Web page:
One of the most revered names in the business, billionaire hedge fund manager John Paulson is famous for his lucrative bets against subprime mortgages in the mid-2000s. Paulson earned a $4.9 billion payout in 2010, breaking records in the hedge fund industry. Lately, however, Paulson has had to convince investors that his fund is still on the straight and narrow path—his major funds posted double-digit losses over the past year and change. The fund’s economic outlook in 2011 was rather sunny, costing the fund billions as it took on significant amounts of risk in its investments.
We will take a look here at how Paulson’s major stock picks, as disclosed in Paulson & Co.’s 13F regulatory filing, compare to his past filings, particularly looking at major up and down movements in the portfolio.
Gold is still king. John Paulson continues to load quite a bit of his portfolio with gold-related equities. His SPDR Gold Trust (GLD) is valued at $3.7 billion, or about a quarter of the total value of his 13F portfolio. But that’s not all: The top equity holding in the portfolio remains AngloGold Ashanti Limited , which, along with convertible bond issues, totals slightly over $1 billion. We explained that, in the wake of the third round of quantitative easing (QE3), gold and a variety of different commodities make ideal hedges against currency debasement and inflation. Essentially, Paulson has put his chips down on a gold ETF and a gold production company—two ways to play gold that have underperformed buying physical gold since the beginning of the year. AngloGold is down 35 percent year-over-year, and we note that it derives its revenue not only from gold but also from silver, sulfuric acid, and uranium production. The company produced about 4.3 million ounces of gold in 2011, and though its performance has not been inspiring over the past year, we are more optimistic about demand levels for gold going forward as gold becomes a more common monetary reserve asset.
More lightweight on Hartford and Delphi. Paulson’s fund decreased its holdings in Delphi Automotive PLC , which Paulson initiated as a top 5 holding in the fourth quarter of 2011. Since the beginning of 2012, shares of the company are up 47 percent. The company issued a positive third-quarter earnings report of 84 cents per share, up from 79 cents from a year ago. This comes, however, as top line growth is starting to pressure earnings (revenue fell 6 percent) and as the company begins significant strategic readjustments in the slow European markets, so Paulson’s move to take profits here makes sense. Paulson still has a significant stake in the company, though, and other optimists like billionaire hedge fund manager Steven Cohen are also keen on Delphi and the automotive industry generally, as we noted in a previous article.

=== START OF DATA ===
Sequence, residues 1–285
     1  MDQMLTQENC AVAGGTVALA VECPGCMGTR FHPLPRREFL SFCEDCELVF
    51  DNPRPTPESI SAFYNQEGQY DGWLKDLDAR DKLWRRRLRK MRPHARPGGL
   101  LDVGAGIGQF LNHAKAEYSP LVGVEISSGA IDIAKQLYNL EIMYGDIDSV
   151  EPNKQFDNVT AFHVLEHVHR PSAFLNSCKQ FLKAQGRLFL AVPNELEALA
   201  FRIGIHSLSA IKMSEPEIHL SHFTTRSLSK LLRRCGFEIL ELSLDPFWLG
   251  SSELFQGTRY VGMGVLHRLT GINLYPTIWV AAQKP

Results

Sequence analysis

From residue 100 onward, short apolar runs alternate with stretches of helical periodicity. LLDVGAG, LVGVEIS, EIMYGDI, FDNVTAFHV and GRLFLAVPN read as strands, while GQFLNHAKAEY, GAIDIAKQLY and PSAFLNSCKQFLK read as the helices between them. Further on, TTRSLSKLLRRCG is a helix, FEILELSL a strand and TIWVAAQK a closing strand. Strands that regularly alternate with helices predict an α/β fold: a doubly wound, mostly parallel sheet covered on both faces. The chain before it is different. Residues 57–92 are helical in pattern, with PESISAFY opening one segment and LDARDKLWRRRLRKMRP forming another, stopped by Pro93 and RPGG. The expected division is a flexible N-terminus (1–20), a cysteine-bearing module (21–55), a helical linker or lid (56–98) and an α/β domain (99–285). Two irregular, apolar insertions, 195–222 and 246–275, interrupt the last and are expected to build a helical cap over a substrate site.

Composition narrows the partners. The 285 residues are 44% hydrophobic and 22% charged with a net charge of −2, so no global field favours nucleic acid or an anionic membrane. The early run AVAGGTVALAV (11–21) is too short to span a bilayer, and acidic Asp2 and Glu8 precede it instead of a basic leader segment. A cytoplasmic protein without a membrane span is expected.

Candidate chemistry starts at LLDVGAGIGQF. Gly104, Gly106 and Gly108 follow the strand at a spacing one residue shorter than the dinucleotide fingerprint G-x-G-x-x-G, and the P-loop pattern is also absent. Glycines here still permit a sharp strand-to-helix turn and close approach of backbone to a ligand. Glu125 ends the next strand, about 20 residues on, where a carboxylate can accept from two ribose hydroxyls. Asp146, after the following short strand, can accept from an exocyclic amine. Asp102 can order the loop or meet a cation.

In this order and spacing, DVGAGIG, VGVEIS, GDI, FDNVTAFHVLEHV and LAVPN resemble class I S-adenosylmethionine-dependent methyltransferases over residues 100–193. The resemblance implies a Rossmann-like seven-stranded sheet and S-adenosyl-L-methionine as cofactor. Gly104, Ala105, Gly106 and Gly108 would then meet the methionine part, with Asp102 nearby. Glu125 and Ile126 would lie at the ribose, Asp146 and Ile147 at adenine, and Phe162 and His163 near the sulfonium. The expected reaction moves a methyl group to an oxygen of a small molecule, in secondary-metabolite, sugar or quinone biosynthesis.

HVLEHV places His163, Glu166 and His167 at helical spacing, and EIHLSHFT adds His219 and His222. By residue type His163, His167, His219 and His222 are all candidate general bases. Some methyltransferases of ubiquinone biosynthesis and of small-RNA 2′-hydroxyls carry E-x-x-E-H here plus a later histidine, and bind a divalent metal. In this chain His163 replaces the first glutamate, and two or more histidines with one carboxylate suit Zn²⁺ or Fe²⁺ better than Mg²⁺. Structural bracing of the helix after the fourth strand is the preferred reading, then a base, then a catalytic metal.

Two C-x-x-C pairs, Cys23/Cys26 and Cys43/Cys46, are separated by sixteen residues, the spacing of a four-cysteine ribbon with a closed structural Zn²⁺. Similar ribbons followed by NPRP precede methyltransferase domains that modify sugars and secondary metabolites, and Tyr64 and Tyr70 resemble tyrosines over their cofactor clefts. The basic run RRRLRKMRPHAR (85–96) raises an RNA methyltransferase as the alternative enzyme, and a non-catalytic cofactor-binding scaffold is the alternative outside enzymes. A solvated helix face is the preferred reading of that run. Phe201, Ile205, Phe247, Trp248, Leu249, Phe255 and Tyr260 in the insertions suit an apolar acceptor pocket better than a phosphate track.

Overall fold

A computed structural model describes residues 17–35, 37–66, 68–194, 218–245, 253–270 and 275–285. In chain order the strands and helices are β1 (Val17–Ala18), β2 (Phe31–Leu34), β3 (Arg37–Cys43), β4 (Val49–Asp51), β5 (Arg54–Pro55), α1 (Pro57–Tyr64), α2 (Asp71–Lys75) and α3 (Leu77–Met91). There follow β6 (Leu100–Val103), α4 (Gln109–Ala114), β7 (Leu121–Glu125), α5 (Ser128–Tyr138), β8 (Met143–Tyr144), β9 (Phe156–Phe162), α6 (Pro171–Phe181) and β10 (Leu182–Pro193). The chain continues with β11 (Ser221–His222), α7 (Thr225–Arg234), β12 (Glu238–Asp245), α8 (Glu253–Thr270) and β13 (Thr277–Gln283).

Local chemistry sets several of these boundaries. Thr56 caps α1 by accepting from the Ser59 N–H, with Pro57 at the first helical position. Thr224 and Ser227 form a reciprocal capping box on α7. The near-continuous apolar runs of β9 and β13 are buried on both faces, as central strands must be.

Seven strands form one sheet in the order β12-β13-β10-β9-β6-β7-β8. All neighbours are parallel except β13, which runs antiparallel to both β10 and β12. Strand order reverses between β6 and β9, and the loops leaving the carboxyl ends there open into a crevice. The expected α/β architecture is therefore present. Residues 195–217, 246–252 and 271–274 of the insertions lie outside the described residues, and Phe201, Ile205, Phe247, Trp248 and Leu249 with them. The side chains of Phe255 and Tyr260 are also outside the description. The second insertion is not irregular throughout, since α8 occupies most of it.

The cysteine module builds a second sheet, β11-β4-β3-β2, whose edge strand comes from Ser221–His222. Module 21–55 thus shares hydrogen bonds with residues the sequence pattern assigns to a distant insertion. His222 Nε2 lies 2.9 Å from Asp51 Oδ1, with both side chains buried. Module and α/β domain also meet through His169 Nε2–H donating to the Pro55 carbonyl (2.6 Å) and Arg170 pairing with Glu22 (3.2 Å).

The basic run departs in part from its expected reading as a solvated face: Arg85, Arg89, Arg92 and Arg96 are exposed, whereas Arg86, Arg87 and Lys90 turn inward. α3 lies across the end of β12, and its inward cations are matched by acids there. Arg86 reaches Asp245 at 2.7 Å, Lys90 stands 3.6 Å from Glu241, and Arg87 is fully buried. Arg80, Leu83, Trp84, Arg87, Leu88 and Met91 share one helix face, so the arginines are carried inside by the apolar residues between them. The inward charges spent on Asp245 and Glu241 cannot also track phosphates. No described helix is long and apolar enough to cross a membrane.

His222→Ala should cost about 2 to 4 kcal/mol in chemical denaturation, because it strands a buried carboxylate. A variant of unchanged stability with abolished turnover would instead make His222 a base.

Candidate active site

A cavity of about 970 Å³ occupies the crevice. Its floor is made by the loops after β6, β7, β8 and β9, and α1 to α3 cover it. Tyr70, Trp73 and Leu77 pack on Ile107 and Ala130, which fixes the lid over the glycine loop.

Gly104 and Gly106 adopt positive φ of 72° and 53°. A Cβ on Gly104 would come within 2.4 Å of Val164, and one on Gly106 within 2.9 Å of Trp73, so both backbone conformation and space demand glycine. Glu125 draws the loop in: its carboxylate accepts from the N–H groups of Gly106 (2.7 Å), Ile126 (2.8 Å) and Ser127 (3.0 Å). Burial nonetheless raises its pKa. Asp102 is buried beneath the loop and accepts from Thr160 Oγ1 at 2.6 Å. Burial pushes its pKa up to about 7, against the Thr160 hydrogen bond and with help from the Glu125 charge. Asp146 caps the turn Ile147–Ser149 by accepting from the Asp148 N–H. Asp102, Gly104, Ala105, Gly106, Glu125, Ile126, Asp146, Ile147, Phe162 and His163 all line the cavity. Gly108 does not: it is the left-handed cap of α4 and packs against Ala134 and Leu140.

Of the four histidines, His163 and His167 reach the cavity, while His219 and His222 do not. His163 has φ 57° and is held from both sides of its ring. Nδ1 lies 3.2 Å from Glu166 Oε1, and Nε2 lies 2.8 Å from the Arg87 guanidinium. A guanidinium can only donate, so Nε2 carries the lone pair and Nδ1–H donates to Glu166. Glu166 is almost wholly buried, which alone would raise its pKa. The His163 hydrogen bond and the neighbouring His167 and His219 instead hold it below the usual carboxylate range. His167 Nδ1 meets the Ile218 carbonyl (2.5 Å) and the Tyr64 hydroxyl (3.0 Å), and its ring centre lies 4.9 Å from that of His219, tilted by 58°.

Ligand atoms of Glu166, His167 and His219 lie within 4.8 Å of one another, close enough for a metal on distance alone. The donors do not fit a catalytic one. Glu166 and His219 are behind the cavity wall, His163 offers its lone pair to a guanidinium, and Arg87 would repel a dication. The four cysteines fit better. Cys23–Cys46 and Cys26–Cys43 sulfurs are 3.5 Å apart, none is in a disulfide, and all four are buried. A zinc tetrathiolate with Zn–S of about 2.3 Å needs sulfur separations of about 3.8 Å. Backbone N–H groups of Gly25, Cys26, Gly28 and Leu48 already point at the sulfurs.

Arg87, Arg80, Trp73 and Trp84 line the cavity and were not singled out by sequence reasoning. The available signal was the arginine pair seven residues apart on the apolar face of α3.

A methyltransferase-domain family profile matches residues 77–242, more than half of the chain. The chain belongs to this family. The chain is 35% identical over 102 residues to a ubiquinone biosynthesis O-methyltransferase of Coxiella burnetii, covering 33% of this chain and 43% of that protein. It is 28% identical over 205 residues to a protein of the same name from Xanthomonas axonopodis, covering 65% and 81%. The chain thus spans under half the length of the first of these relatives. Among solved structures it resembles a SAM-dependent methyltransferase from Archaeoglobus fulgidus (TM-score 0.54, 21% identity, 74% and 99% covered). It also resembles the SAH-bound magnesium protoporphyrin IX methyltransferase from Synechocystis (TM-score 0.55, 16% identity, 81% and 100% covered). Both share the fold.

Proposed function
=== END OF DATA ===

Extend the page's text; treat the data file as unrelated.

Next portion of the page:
Paulson also cashed in nearly 12 million shares of Hartford Financial Services Group , a major insurance provider for individuals and businesses in the United States. With shares of the company up about 26 percent year-to-date, we also see a rationale for profit-taking in this still sizable holding. However, Hartford still looks like a good value play according to historical valuations. Shares are trading at about 6 times forward consensus earnings estimates, which is well below the 10-year range of 7 to 28. Shares are trading at their lowest valuations on a P/E basis since 2002. If you add in a successful reconstruction—which is already well underway—we could see a significant bump in Hartford shares.
More heavyweight in technology. Paulson’s portfolio has beefed up some of its top 10 technology holdings. Particularly, his holdings of Life Technologies have increased to 13.5 million shares valued at a total $660 million. Another mid-cap like Delphi, Hartford, and AngloGold Ashanti, Life Technologies produces a number of specialty products for use of life sciences and life science research. Up 18 percent year-to-date, shares are still only trading at 11 times forward consensus earnings, and Paulson likely sees several catalysts for growth. The company stands to make considerable headway in genomics and molecular diagnostics markets, though, as S&P notes, its next-generation sequencing platform SOLiD sells a significantly higher price point than that of many of its major competitors. Illumina (ILMN) is also expected to come out with a sequencing platform by year’s end, adding to competition in this area—a source of caution for investors.